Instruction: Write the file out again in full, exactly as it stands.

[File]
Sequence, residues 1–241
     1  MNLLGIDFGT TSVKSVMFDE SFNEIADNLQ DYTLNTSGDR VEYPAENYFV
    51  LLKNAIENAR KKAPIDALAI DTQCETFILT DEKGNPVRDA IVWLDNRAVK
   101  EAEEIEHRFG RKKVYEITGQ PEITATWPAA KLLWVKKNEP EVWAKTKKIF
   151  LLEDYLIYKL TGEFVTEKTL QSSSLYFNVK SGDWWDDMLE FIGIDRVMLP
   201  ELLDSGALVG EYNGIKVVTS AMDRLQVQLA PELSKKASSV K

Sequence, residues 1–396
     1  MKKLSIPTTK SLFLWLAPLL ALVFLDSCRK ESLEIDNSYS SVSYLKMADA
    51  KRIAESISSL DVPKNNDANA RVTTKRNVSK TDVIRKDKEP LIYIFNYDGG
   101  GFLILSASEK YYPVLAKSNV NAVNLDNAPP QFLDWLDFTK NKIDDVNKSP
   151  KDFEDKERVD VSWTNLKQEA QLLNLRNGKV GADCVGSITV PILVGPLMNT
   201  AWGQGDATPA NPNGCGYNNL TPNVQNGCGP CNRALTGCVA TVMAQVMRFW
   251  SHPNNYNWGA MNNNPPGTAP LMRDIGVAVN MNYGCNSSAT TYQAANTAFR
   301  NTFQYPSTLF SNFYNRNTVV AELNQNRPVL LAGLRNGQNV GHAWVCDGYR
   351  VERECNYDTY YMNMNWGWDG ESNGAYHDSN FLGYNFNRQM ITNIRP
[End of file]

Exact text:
Sequence, residues 1–241
     1  MNLLGIDFGT TSVKSVMFDE SFNEIADNLQ DYTLNTSGDR VEYPAENYFV
    51  LLKNAIENAR KKAPIDALAI DTQCETFILT DEKGNPVRDA IVWLDNRAVK
   101  EAEEIEHRFG RKKVYEITGQ PEITATWPAA KLLWVKKNEP EVWAKTKKIF
   151  LLEDYLIYKL TGEFVTEKTL QSSSLYFNVK SGDWWDDMLE FIGIDRVMLP
   201  ELLDSGALVG EYNGIKVVTS AMDRLQVQLA PELSKKASSV K

Sequence, residues 1–396
     1  MKKLSIPTTK SLFLWLAPLL ALVFLDSCRK ESLEIDNSYS SVSYLKMADA
    51  KRIAESISSL DVPKNNDANA RVTTKRNVSK TDVIRKDKEP LIYIFNYDGG
   101  GFLILSASEK YYPVLAKSNV NAVNLDNAPP QFLDWLDFTK NKIDDVNKSP
   151  KDFEDKERVD VSWTNLKQEA QLLNLRNGKV GADCVGSITV PILVGPLMNT
   201  AWGQGDATPA NPNGCGYNNL TPNVQNGCGP CNRALTGCVA TVMAQVMRFW
   251  SHPNNYNWGA MNNNPPGTAP LMRDIGVAVN MNYGCNSSAT TYQAANTAFR
   301  NTFQYPSTLF SNFYNRNTVV AELNQNRPVL LAGLRNGQNV GHAWVCDGYR
   351  VERECNYDTY YMNMNWGWDG ESNGAYHDSN FLGYNFNRQM ITNIRP